The Cambridge History of English and American Literature in 18 Volumes (1907–21).
VOLUME XVI. Early National Literature, Part II; Later National Literature, Part I.

XIX. Early Humorists

§ 15. Browne: “Artemus Ward”

Of all the humorists mentioned in this chapter “Artemus Ward” alone was known beyond the seas. He was born in Maine, travelled as a wandering printer in the South and West, and really began his career in 1857 when he was called to the local editorship of The Cleveland Plain Dealer. To this paper he began to contribute articles purporting to describe the experiences of Artemus Ward, an itinerant showman. He began to lecture in 1861 and had an unprecedented success on the platform in this country and in England, where he was a noted contributor to Punch and where he died. He had many and varied experiences and in them all saw nothing but humanity. He wrote of people and of their doings, not unkindly or profanely, but always as a moralist, waging warfare with abounding good humour upon all things that were merely sentimental and insincere and doing good service by exposing them in vivid caricatures. Although it was his genius for misspelling that first attracted attention—he was the first of the misspellers—his plaintive personality proved more attractive still, and may prove permanently so.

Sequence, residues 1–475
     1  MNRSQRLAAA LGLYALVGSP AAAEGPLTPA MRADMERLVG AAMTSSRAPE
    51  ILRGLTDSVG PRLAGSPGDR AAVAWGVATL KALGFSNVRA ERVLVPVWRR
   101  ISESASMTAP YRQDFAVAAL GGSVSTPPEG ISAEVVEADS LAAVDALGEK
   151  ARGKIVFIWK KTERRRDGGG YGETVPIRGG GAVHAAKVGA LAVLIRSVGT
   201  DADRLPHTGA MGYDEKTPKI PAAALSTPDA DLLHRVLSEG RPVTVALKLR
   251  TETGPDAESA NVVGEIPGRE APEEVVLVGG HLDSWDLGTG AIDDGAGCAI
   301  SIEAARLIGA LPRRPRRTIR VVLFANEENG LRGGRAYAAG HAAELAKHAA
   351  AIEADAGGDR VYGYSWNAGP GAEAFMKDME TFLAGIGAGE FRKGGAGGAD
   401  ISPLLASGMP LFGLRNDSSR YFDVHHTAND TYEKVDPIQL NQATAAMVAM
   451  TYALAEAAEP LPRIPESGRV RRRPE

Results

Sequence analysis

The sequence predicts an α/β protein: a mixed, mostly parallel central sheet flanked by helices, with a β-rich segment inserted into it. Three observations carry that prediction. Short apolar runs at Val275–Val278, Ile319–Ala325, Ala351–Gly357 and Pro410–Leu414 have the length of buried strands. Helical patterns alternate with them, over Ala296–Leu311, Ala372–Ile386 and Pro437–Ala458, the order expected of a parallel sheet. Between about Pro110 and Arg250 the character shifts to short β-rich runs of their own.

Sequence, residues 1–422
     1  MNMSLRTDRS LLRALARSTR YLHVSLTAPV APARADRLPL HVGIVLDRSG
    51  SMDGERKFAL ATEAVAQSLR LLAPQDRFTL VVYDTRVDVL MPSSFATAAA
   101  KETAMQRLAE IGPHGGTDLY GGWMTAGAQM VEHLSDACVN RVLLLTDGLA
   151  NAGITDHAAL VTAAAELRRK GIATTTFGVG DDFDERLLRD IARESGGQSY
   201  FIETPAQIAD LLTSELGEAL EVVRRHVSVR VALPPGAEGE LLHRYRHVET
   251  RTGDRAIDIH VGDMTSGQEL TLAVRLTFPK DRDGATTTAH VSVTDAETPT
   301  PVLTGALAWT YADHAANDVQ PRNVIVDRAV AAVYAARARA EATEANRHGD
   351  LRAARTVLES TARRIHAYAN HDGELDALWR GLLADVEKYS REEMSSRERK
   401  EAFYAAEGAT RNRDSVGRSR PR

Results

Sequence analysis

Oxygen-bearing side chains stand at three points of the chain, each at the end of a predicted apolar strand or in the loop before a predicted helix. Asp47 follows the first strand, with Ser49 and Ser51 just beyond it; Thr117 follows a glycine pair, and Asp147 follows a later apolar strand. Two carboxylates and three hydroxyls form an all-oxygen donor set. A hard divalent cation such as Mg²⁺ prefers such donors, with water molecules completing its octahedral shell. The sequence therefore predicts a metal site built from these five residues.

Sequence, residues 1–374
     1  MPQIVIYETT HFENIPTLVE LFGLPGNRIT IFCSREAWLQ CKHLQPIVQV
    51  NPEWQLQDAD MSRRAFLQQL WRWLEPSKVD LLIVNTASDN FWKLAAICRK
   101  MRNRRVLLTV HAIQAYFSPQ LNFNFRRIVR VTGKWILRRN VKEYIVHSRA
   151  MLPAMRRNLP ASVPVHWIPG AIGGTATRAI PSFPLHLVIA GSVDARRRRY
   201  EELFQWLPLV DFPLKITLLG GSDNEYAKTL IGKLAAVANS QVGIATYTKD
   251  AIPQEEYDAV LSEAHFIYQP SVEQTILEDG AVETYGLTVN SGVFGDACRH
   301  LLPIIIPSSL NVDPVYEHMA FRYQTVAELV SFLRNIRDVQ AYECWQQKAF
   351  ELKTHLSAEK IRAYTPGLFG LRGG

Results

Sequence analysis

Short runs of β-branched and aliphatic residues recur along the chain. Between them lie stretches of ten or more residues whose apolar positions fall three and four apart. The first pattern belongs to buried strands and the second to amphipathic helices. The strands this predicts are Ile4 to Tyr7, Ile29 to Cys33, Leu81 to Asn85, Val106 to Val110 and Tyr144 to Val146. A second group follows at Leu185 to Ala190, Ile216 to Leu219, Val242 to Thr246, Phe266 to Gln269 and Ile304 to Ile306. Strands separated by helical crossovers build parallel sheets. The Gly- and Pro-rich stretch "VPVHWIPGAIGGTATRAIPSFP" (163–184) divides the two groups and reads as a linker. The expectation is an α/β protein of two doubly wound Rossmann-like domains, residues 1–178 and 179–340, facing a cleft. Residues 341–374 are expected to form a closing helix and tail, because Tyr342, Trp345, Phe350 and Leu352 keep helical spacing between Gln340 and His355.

Derby, Shaw, Locke, and Browne carried to an extreme numerous tricks already invented by earlier American humorists, particularly the tricks of gigantic exaggeration and calmfaced mendacity, but they are plainly in the main channel of American humour, which had its origin in the first comments of settlers upon the conditions of the frontier, long drew its principal inspiration from the differences between that frontier and the more settled and compact regions of the country, and reached its highest development in Mark Twain, in his youth a child of the American frontier, admirer and imitator of Derby and Browne, and eventually a man of the world and one of its greatest humorists.